Manara Erotica Volume 2

Dark Horse Comics

$59.99, b/w and color, 312 pgs.

Writers: Milo Manara, Roberto Renzi

Artist: Milo Manara

Collecting “Kama Sutra,” “The Golden Ass,” “The Diary of Sandra F.,” “Jolanda of Almaviva”


I knew that Manara had been hugely influenced by Jean “Moebius” Girard of France. But this book – both the art and the introductory material – make it clear how much he was influenced by Robert Crumb of California.


Manara seems to have been two different artists. In the early part of his career, he followed in the tradition of his native Italy, with studied blocking and heavy inks. And then, almost abruptly, he adopted the pointillist rendering and playful storytelling of Moebius. The former is OK, but the latter is what we think of when you say “Manara.”


What I hadn’t seen before is that both Girard and Manara had been influenced by American “underground” comix of the 1960s. If you squint just right, you can even see R. Crumb’s cross-hatched rendering style in Moebius, albeit elevated by the latter’s immense talent. Girard is quoted in a foreword as saying “[U.S. underground comix] blew the minds of the few professionals in Europe who saw them. It showed us the way, helped us create our own stories, express our own emotions. The answer from the public was phenomenal, first in France, then throughout Europe.”


This is the missing link that helps explain how the Italian-style Manara became the Moebius-style artist famed for his gorgeous women and uninhibited stories. And this book clearly demonstrates this phenomenon, with the first three stories from Manara’s post-Moebius period, where he both writes and draws, and the last story (comprising roughly half the book) from his earlier period, where someone else does the writing and Manara slavishly follows the accepted artistic idioms and norms of the time and place.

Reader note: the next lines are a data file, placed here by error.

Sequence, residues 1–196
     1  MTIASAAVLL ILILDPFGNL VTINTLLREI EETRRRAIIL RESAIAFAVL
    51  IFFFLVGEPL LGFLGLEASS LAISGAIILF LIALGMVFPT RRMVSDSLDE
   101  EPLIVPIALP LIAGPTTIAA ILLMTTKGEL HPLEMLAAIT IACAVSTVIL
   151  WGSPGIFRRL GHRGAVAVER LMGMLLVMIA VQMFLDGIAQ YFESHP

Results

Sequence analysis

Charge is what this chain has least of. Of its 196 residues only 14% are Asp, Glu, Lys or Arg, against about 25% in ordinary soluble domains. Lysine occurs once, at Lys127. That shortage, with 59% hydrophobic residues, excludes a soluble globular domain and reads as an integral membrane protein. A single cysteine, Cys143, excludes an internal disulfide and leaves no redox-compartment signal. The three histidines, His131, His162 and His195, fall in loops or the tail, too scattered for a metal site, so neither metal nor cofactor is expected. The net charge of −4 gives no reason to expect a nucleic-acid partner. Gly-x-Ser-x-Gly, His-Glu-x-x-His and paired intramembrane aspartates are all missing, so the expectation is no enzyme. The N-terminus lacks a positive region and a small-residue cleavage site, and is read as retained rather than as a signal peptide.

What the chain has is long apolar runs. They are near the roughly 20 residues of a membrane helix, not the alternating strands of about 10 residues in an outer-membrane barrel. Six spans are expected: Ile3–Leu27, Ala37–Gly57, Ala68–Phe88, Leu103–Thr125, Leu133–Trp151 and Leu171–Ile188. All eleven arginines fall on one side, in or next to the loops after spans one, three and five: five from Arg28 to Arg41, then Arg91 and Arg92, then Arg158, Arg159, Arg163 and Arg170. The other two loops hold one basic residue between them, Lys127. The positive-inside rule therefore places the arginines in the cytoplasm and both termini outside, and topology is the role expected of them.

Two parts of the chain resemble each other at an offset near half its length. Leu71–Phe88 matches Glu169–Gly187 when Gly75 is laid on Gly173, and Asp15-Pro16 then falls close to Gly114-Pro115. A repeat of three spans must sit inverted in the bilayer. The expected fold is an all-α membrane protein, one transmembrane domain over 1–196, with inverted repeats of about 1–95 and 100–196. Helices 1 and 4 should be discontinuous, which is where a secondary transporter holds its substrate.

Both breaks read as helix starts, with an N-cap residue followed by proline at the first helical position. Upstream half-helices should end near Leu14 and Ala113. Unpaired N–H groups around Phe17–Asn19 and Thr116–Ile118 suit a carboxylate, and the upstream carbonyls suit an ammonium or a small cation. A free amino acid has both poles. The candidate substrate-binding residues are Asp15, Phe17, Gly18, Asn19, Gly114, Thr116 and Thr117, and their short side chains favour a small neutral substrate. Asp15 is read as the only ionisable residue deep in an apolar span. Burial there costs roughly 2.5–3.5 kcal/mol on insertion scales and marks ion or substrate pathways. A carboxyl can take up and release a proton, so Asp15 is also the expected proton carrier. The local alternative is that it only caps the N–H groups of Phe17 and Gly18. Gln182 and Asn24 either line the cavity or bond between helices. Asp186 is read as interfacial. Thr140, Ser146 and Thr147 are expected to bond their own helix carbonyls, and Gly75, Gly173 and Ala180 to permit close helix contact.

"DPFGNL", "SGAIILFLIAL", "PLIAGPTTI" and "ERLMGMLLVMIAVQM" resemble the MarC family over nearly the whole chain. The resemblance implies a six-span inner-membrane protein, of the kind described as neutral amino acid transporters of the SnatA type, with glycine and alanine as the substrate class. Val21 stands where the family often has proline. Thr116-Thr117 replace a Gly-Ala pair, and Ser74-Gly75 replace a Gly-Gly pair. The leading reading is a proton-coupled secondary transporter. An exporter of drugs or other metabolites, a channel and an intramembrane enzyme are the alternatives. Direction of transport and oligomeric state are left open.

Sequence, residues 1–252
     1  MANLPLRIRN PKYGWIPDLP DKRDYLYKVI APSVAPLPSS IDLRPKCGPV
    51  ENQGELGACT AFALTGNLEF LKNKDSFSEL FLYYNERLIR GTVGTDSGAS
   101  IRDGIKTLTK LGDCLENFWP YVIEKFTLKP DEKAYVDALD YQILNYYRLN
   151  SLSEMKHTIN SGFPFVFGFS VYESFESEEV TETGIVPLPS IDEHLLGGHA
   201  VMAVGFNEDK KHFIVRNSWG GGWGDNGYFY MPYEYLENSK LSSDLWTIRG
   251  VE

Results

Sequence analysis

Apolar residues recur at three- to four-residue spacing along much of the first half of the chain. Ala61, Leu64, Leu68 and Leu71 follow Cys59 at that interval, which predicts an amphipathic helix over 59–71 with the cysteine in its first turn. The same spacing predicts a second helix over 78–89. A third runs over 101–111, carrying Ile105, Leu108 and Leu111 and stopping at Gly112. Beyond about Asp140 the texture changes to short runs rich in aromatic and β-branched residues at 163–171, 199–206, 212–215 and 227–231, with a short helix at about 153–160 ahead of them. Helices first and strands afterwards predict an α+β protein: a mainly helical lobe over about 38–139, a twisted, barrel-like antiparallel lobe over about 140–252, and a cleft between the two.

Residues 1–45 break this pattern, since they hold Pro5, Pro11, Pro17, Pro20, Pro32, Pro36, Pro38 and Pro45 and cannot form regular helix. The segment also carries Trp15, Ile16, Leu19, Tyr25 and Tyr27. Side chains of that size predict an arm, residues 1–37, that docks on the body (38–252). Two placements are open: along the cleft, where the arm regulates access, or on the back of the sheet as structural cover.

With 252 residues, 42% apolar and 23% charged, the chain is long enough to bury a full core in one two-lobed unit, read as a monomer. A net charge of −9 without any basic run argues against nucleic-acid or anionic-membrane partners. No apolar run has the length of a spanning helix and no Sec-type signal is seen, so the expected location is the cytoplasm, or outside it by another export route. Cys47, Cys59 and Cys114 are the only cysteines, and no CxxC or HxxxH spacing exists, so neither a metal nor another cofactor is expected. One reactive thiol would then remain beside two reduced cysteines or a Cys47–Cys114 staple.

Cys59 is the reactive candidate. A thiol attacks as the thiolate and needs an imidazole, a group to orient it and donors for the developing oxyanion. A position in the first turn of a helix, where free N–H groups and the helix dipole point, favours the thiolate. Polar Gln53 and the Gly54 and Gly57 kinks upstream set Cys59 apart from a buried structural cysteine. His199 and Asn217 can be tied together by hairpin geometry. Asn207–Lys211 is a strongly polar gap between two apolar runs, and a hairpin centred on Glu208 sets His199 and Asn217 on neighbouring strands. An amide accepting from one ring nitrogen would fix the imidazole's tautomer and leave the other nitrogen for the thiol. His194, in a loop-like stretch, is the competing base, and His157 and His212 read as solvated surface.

Which is almost a let-down: The earlier work doesn’t hold up very well, and that’s a lot of mediocre pages. But ‘tis Manara, ‘twill serve.


Meanwhile, the art on the first part is gorgeous, especially “Golden Ass,” where Manara supplements the inked work with pastel pencils and/or a wash. And, of course, the stories involve lots of naked women and all kinds of sex, some of it pretty bizarre. The stories aren’t very good, as they are basically an excuse to get women naked. And to adapt something like the Kama Sutra, which isn't a narrative, you have to invent a story for the manifest purpose of working a lot of sexual positions into it – not exactly Shakespeare.


Needless to say, if you’ve got a problem with porn, this book isn’t for you. But if that doesn’t bother you, it’s worth a look. Not just for the nekkid wimmin, but for the art and pop-culture history revealed therein.


And, yeah, for the nekkid wimmin.

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